Battle of the Alamodome: Rising programs UTSA, UIW ready to fight for San Antonio

By Mary Scott McNabb

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SAN ANTONIO -- On Aug. 31, the Alamodome will play host to a game unlike any other in the history of San Antonio football. For the first time, the city will be split as the two Division I football programs face off in a battle for San Antonio. 

The contenders could not be more different. UTSA is a massive public institution with more than 32,000 students. Incarnate Word, a smaller regional religious school, hosts barely 10,000 students. In the short football history of these two programs, they’ve never been peers. But on Aug. 31, those lines will be erased, and replaced by pylons. 

“It’s something that our city wanted, that we’ve adhered to to play this game,” UTSA coach Frank Wilson said. “We’re excited to play it and certainly giving our city something to look forward to is a big deal for us.” 

But for many of the players on the field, it’s more than just about entertainment. It’s about satiating a hunger that yearns in the belly of San Antonio for meaningful football. 

“We’re the only D-I programs in San Antonio right now,” said UIW defensive end T.J. Wright, who starred at San Antonio Taft. “It’s definitely a showcase. A lot of kids coming from Dallas, coming from Houston, say San Antonio kids can’t ball. This is the time to show out.”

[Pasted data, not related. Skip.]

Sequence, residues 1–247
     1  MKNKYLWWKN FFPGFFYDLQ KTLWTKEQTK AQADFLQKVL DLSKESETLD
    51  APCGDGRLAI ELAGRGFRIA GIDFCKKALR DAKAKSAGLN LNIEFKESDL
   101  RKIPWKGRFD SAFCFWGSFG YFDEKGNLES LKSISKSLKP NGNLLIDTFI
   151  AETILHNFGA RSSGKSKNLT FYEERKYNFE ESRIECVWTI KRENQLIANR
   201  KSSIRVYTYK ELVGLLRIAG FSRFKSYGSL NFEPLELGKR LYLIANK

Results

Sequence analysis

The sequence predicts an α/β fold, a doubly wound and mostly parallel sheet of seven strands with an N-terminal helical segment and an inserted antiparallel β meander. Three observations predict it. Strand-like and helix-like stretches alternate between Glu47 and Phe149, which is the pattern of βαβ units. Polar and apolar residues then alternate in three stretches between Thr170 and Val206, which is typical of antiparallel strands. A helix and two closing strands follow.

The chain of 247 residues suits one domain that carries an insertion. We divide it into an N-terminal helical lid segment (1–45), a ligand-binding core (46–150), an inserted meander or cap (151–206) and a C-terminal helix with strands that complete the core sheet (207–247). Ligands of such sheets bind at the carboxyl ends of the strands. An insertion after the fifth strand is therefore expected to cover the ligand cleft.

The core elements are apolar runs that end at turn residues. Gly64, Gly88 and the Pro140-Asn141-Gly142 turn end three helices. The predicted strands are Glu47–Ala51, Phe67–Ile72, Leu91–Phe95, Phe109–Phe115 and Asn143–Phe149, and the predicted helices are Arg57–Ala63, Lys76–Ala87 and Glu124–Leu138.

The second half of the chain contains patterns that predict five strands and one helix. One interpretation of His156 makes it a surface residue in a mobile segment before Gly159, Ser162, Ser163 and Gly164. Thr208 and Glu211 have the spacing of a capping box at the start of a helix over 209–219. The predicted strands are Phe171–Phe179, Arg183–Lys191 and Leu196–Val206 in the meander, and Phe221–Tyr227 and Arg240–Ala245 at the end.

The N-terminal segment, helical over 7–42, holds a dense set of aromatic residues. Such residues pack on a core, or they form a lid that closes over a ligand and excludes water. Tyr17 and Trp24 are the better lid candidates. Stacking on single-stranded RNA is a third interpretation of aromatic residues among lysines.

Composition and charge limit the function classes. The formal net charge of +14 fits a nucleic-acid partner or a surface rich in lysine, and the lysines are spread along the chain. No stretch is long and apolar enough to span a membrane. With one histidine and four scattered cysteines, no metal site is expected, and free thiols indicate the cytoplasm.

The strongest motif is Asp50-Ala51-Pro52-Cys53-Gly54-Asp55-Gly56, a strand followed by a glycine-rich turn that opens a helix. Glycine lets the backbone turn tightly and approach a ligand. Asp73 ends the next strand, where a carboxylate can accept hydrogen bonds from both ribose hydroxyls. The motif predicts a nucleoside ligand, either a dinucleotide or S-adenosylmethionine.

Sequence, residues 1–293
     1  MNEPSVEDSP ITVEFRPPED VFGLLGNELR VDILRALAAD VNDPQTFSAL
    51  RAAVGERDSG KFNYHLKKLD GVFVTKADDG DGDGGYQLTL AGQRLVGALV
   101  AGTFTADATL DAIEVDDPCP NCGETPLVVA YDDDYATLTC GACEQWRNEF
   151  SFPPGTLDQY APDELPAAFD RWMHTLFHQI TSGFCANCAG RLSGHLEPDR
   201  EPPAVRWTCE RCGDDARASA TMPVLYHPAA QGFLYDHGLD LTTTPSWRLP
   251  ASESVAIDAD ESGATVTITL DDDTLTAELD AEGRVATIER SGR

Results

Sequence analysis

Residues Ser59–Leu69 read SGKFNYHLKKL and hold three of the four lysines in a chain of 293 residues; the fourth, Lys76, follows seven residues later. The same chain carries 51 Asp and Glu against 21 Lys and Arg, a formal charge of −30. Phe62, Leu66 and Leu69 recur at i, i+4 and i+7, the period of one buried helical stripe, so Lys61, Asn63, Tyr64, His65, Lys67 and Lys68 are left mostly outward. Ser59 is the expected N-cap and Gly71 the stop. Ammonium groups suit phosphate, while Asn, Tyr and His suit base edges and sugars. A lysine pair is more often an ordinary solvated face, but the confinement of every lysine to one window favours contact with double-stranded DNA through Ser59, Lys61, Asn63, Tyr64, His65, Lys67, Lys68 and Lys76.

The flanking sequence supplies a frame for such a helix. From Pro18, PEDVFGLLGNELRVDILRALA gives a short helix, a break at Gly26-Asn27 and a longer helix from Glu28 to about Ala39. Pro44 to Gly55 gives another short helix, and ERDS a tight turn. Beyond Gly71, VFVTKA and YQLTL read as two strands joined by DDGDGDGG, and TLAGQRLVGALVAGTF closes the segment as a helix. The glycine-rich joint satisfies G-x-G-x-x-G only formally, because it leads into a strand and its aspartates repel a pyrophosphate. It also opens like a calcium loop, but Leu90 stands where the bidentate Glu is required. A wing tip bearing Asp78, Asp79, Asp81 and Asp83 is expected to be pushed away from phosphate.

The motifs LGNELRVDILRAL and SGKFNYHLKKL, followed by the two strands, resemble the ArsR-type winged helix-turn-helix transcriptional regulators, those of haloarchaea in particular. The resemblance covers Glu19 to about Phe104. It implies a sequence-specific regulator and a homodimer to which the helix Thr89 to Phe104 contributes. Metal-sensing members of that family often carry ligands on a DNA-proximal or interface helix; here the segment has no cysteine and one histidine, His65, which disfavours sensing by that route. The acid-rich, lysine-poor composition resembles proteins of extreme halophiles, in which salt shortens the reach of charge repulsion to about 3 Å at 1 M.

San Antonio Commanders/Facebook

San Antonio’s pro team

San Antonio ranks as the seventh-biggest city in America with more than 1.5 million people. There are more people in the city than Dallas, San Francisco, Denver and Washington, D.C. In fact, San Antonio is the biggest city in America to not field an NFL football team.

That’s not for lack of trying. The Alamodome was originally built in the 1990s with the proclamation that it would someday house an NFL team. That day never came. However, that did nothing to satisfy the city’s hunger for winning football.

“It’s huge. It’s everything. This is a football town,” said Jason Minnix, a host at ESPN San Antonio radio and former voice of the San Antonio Commanders of the AAF. “I know there’s always the chip on the shoulder from San Antonio types because you look at Houston and Dallas and they get all the publicity. But from high school football, college football, pro football when it’s been here, San Antonio really is a football town through and through.” 

That was put on full display last season, when the San Antonio Commanders brought professional football to the Alamodome for 52 glorious days. More than 110,000 fans filed through the Alamodome turnstiles to watch the short-lived league. Nearly a quarter of the league’s total attendance came at the Alamodome. 

More people showed up each week for Commanders games than Los Angeles Chargers home games a season ago. If the league had lasted another week, Johnny Manziel was set to take the field in San Antonio. With an influx of Aggies, the numbers might have pushed above 40,000 fans at the game. 

“I know there were people who were hyped and went every single week,” said UIW defensive end T.J. Wright, a former San Antonio Taft standout. “It was definitely a good thing for the city of San Antonio and the football culture here. San Antonio, you can see it with the Spurs, is a very loyal fanbase, full of heart, always selling out games. Whatever sport you put here, we’re going to sell out the stadium.”